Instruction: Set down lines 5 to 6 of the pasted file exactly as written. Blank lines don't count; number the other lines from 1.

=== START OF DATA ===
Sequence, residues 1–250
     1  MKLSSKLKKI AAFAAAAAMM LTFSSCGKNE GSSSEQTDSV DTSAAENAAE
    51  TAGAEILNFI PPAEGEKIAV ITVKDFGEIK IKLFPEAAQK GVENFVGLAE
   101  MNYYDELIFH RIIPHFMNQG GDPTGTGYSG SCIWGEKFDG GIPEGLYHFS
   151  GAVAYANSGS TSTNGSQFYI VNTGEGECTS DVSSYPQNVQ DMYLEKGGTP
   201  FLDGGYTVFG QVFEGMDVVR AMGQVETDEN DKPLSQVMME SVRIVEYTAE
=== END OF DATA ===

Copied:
   151  GAVAYANSGS TSTNGSQFYI VNTGEGECTS DVSSYPQNVQ DMYLEKGGTP
   201  FLDGGYTVFG QVFEGMDVVR AMGQVETDEN DKPLSQVMME SVRIVEYTAE